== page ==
Why aren’t AMBER Alerts issued for every missing child?

Local News

SALT LAKE CITY (ABC4) – A 7-year-old girl was reported missing out of Orem on Monday, which has some people asking the question, why wasn’t an AMBER Alert issued?

What does it take for an AMBER Alert to be issued in the first place?

According to the Utah Department of Public Safety, there are 4 criteria for issuing an AMBER Alert:

  • Law enforcement believes a child or children have been abducted
  • The child or children are 17 years old or younger
  • Law enforcement believes the victim(s) face imminent danger of serious bodily injury or death
  • There is information that could assist the public in the safe recovery of the victim or apprehension of a suspect

However, in the case of 7-year-old Jocelyn Cortes out of Orem, an Endangered Missing Advisory was issued.

So what’s the difference between an Endangered Missing Advisory and an AMBER Alert?

According to Utah DPS, law enforcement asks the following questions before issuing an Endangered Missing Advisory as opposed to an AMBER Alert:

  • Is the person missing under unexplained or suspicious circumstances?
  • Is the person believed to be in danger because of age, health, mental or physical disability, environment or weather conditions, in the company of a potentially dangerous person or some other factor that may put the person in peril?
  • Is there information that could assist the public in the safe recovery of the missing person?

DPS says the purpose of issuing an endangered missing advisory is “to rapidly disseminate information about a missing and/or endangered person to law enforcement agencies and the media. The Endangered Missing Advisory is a voluntary partnership between law enforcement and local broadcasters for notifying the public about a missing and endangered person. The advisories are initiated solely by Utah law enforcement agencies.”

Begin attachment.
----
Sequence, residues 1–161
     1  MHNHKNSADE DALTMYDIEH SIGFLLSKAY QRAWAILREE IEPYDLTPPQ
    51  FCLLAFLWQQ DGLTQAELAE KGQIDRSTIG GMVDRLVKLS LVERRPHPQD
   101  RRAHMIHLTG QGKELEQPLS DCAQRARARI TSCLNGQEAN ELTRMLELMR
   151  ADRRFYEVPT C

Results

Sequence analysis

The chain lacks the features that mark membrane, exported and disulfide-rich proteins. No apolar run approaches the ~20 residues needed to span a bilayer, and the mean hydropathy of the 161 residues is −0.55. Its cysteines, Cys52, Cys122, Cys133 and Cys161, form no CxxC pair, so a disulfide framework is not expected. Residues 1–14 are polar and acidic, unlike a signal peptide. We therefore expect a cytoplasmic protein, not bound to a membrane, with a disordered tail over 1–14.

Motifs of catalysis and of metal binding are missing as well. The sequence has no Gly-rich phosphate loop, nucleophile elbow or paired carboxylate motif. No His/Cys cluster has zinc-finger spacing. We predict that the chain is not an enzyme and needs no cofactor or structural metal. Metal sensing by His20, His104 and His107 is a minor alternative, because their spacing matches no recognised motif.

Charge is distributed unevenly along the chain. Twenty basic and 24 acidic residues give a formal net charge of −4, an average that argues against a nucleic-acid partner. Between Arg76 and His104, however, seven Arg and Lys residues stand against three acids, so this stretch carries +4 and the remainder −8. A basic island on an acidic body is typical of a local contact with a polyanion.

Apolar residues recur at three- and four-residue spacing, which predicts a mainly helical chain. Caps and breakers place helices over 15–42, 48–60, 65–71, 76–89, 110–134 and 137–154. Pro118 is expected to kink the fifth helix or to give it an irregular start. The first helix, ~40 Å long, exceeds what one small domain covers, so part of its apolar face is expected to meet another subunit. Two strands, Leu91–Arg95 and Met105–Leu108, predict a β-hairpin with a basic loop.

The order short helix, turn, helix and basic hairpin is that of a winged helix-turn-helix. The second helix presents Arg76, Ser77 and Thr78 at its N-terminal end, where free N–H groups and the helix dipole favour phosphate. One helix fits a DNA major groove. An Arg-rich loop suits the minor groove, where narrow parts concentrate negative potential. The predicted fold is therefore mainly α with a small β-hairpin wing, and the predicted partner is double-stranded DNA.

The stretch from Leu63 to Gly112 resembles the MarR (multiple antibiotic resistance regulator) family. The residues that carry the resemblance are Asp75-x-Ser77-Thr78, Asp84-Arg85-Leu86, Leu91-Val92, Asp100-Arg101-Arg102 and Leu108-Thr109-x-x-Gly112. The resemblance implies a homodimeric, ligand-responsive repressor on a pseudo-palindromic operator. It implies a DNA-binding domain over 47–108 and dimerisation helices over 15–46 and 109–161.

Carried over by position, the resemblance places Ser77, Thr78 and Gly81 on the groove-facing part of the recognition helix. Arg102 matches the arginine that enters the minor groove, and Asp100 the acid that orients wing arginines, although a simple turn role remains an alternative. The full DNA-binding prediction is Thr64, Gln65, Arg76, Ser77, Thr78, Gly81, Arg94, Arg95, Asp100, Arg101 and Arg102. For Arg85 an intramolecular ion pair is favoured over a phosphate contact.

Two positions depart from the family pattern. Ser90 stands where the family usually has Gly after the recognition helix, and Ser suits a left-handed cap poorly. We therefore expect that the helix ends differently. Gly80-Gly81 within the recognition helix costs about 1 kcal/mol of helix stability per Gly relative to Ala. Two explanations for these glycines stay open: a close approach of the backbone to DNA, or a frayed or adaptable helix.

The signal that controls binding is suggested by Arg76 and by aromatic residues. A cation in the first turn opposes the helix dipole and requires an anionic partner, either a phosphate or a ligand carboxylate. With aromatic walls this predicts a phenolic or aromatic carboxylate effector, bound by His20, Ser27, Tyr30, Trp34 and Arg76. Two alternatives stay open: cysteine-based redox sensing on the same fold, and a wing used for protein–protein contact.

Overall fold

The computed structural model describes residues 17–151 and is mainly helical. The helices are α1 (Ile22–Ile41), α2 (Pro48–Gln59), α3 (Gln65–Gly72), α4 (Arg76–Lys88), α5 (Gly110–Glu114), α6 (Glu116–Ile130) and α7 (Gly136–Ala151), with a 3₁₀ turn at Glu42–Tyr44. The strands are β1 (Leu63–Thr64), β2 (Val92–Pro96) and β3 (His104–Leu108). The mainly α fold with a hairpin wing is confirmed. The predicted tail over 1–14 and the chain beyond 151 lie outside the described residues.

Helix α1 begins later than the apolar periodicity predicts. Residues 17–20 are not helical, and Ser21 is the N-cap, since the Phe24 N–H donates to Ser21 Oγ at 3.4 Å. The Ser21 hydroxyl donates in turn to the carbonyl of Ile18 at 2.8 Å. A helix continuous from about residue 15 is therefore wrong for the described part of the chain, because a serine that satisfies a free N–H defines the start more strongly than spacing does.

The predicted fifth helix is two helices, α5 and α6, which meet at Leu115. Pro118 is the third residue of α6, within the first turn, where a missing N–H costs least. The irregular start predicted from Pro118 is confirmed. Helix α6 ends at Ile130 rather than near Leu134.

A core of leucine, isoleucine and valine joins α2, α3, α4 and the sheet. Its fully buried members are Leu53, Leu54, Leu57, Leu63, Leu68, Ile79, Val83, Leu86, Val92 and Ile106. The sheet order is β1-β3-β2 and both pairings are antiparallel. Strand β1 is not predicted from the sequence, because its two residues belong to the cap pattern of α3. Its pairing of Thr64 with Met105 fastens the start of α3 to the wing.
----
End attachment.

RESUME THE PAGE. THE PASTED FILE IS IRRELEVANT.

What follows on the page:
After reviewing the case, if the criteria for an AMBER Alert is not met, then an Endangered Missing Advisory is issued.

Members of the public flooded the comment section of the Orem Police Department Facebook page wondering why an AMBER Alert had not been issued for Cortes.

According to Orem police, an AMBER Alert was not issued for Cortes because “One of the requirements for AMBER Alert is that the law enforcement agency has to believe that the child is in imminent danger of serious bodily injury or death. That is not the case here and therefore doesn’t qualify.”

Cortes was last seen around 5 p.m. Monday at Classic Skating with family members.

Police say they have identified the first suspect as Jocelyn’s grandmother, 63-year-old Ivonne Cerda San Martin, who is 5’3″ tall, weighing about 180 pounds. She has black hair and brown eyes.

A second suspect has been identified as Jocelyn’s aunt, 24-year-old Paola Bayon. She is described as 5’4″ tall, weighing about 140 pounds. Bayon has brown hair and brown eyes.

Jocelyn was last seen wearing black/pink leggings, glitter shoes, and a pink jacket with a leopard hood. She has brown hair and brown eyes. She is 3’6″ tall and weighs about 40 pounds.

The suspect was driving a silver 2000 Ford Mustang with license plate F260BY. Orem Police say it is unknown where they are traveling, Orem police said.

If you have any information on the whereabouts of Jocelyn, the vehicle, or the suspects, you’re asked to contact Orem Police Department Dispatch at 801-229-7070.

According to Utah DPS, the AMBER Alert System, which stands for America’s Missing: Broadcast Emergency Response, began in 1996 when Dallas-Fort Worth area broadcasters teamed up with local law enforcement to create an “early warning system for abducted children.”

The alert system is named after Amber Hagerman, a 9-year-old girl who was kidnapped while riding her bicycle in Arlington, Texas and later murdered in 1996.

AMBER Alerts have helped save the live of over 800 children nationwide, according to Utah DPS

For more information on Utah’s AMBER Alert system, click here.

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